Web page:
Tuesday, January 8, 2013
Whether you are renaming an old boat or christening a new one, accomplishing the ritual properly helps ensure you receive the favor of the nautical gods and Portland Spirit is set to do just that.
On Dec. 12 the Portland Spirit renamed its “Outrageous Jet Boat” to be the “Explorer” and get her ready for the all new 2013 season. The Explorer has been outfitted with better seating, new paint, new schedule and new options.
The Explorer is a 40-foot vessel that can travel up to 45 mph. On board, there is bench seating with custom cushions, canopy top with zip-down windows for protection, restroom and captain’s narration of the sites.
There are five boats in the fleet, including the Portland Spirit, Willamette Star, Crystal Dolphin, Explorer and Columbia Gorge Sternwheeler, normally out of Cascade Locks.
Portland Spirit also operates two land venues; the Terrace on Thunder Island and Gorge Pavilion in Cascade Locks.
“We changed our schedule to go daily to Cascade Locks, the Heart of the Columbia Gorge National Scenic Area, with trips through man-made wonders like the locks at Bonneville Dam and the Bridge of the Gods and nature’s wonders like Multnomah Falls and Beacon Rock,” says president Dan Yates.
“To better reflect the complete tour we thought ‘Explorer’ was more representative of the cruise than the original name of the vessel, ‘Outrageous.’ This year we will also offer the ability to rent a bike in Cascade Locks and ride back to Portland.”
The June-September Explorer cruises take in Portland’s skyline, the basalt cliffs of the Gorge, Beacon Rock and the Bridge of the Gods, as well as Bonneville Dam and passage through its locks in addition to the spectacular scenery as viewed by the pioneers that used this route to the West.
The stop in Cascade Locks gives visitors time to tour the Marine Park Visitors Center and purchase lunch at the Locks Waterfront Cafe.
Visit www.portlandspir-it.com for more information.
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Parkdale third graders sing "12 Disaster Days of Christmas"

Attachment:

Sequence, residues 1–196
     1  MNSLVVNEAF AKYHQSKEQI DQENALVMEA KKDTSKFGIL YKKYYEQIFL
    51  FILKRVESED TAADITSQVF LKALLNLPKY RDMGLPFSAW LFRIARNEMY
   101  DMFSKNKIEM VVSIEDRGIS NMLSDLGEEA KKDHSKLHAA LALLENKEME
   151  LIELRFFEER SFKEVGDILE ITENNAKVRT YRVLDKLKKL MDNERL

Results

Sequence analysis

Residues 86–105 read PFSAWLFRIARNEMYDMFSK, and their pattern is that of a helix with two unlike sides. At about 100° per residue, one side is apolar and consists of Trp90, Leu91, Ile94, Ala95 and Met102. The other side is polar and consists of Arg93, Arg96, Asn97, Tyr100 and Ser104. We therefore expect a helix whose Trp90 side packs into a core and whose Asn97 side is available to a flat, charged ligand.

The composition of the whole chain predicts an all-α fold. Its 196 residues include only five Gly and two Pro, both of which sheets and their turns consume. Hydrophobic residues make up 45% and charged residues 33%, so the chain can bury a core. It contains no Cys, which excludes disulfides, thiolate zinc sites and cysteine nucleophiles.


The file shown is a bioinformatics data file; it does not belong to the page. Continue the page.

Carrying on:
Welcome to your sing-able Christmas gift list. What follows is an emergency rendition of “12 Days of Christmas” – for outfitting your home or car in case of snow storm, earthquake, flood or other emergency. Read it as a simple list, or sing it to the tune of “12 Days” – you know, as in “ … and a partridge in a pear tree…” Not to make light of it, but the song is a familiar framework for a set of gift ideas that you could consider gathering together, even if the recipient already owns items such as a bunch of coats, tire chains and flashlights. Stores throughout the Gorge are stocked up on all these items. Buying all 12 days might be prohibitive, but here are three ideas for checking any of the dozen off your list (notations follow, 1-12.) The gift items needed to stay warm, dry and safe are also coded to suggest items in your abode (A) in your car (C) or both (B). 12 Gallons of Water (A) 11 Family meals (B) 10 Cans of propane (A) 9 Hygiene bags (B) 8 Packs of batteries (A) 7 Spare coats (B) 6 Bright red flares (C) 5 Cozy blankets (B) 4 Tire chains (C) 3 Flashlights (B) 2 cell phone chargers (B) 1 And a crush-proof first aid kit (B) Price ranges? Here’s a few quotes for days Three, Two, Four and Nine: n A family gift of flashlights (three will run $15-30, Hood River Supply, Tum-A-Lum) n Cell phone chargers (two will run $30-60) n Tire chains (basic set, $30, Les Schwab, returnable if unused for the winter) n Family meals ($100 or so should cover the basics for three or four reasonably well-fed days) n The home kit should be kept in a handy place near an exit, and remember that water needs to be replenished every few months. If you have a solid first aid kit already, switch out the gift idea with “and-a-sto-o-u-t- tub-for it-all …” Otherwise, it’s a case of assembling your home or car kits and making sure all members of the family know what the resources are and how to use them (ie flares and propane). Emergency situations are at worst life-threatening, at best deeply uncomfortable if you and your family are left without power for an extended period, or traveling and find yourself in a situation where you need to wait out a storm, lengthy traffic delay, or other crisis. Notes on the 12 gift ideas: 12 – Gallons of water: that’s one per person in a four-member family to last for three days, the recommended minimum to be prepared for utility outages. 11 – Easy-open packaged goods, energy bars, dried food and nuts are good things to include for nutrition. Think of what your family of four needs for three days to stay fortified and hydrated (see number 12). Can-opener also recommended 10 – If you have a propane camping stove, keep extra fuel handy. 9 – Hygiene bags: put packaged moistened towelettes, toilet paper, and plastic ties in large garbage bags (for personal sanitation) Resource list courtesy of Hood River County Emergency Management, Barbara Ayers, manager/ 541-386-1213. The county also reminds residents to Get a Kit, Make A Plan to connect your family if separated, and Stay Informed. See www.co.hood-river.or.us to opt-in for citizen alerts. Enlarge